Classification of Polymerization Reaction

Polymerization Reaction

The word “Polymer” is a Greek word which literally means “Many parts”. A polymer is that chemical molecule which has a long set of identical building blocks, all linked with a bond, be it ionic or covalent. The building block through which any polymer molecule is built is known as a monomer. These monomers are generally very reactive molecules. The process in which monomers are all linked together to form the long-chain polymers is called a polymerization reaction or polymerization process.


Classification of Polymerization Reaction

The classification of the polymerization process is done by taking a look at the mechanism of the reaction. The mechanism here refers to how the transformation of reactants into products happens. So, there are two types of polymerization reaction listed below:


  1. Addition Polymerization Process 

Like the name “Addition” in this process, the polymers are formed when the corresponding monomers are added to each other. The structure of the polymer, i.e. if the polymer would branch or develop a long chain would depend upon three things, the catalyst used, the reaction conditions and the monomers used. There is no loss of atoms in the process. So, the law of conservation of mass and stoichiometry both are applicable in the addition polymerization process. Usually, the monomers which are used in this process are unsaturated molecules (the carbon molecules which contain double or triple covalent bonds). Additionally, there are four more sub-types of addition polymerization process:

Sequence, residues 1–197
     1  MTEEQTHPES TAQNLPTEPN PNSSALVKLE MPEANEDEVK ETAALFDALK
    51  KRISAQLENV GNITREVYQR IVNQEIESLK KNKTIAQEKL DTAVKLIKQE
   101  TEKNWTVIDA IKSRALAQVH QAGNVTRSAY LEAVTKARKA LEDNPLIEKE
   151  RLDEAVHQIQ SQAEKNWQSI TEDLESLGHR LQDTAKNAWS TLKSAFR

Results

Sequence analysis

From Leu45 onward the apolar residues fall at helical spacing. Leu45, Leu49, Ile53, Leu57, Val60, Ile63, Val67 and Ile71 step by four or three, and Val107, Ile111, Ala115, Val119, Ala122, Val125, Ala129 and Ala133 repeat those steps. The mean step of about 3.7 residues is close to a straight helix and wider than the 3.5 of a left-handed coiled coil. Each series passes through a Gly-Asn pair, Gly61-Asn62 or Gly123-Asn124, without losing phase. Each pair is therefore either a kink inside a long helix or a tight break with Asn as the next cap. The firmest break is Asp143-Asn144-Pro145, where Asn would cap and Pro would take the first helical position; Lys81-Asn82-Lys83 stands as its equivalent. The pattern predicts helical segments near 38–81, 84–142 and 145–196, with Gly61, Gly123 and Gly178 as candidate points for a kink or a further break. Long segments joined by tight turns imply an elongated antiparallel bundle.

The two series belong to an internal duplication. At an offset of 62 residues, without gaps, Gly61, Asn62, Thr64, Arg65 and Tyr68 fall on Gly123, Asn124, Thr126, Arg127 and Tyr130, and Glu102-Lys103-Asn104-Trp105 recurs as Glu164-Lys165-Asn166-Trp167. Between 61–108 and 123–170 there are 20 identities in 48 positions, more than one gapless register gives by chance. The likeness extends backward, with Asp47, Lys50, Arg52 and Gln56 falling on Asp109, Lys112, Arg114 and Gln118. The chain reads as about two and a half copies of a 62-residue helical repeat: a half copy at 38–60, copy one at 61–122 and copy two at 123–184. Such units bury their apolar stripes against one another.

a. Free Radical Polymerization

Free radicals are those atoms which have only one free electron in their valence shell. So, the polymerization reaction classified on the basis of free radicals in the initiation process is called free radical polymerization reaction. The formation of free radical is done in the presence of a particular catalyst known as the free radical generating initiator. Benzol peroxides or peroxides, in general, are perfect examples of the free radical generating initiator. The free radicals which are formed are highly reactive (because of just one unpaired electron instead of a proper negative or positive charge). So, when they are created, they rapidly react with other free radicals present to form longer chains of the carbon molecules known as polymers.

  1. Cationic Polymerization

Polymerization reactions classified on the basis of using cations with the reacting monomers are known as Cationic Polymerization. In this polymerization, both the initiation and propagation steps occur with the help of a cation. So, the chain growth occurs when the cation transfers its charge to the reacting monomers to make them reactive. These reactive monomers now react with other monomers in a similar fashion to form the polymer.

  1. Anionic Vinyl Polymerization

In this process, the anions are introduced to make the monomers reactive. These reactive anions (Usually formed when a strong Lewis base or a nucleophile transfers its charge to the reacting monomers) then react with other monomers resulting in the propagation of the chain and forming the required polymers.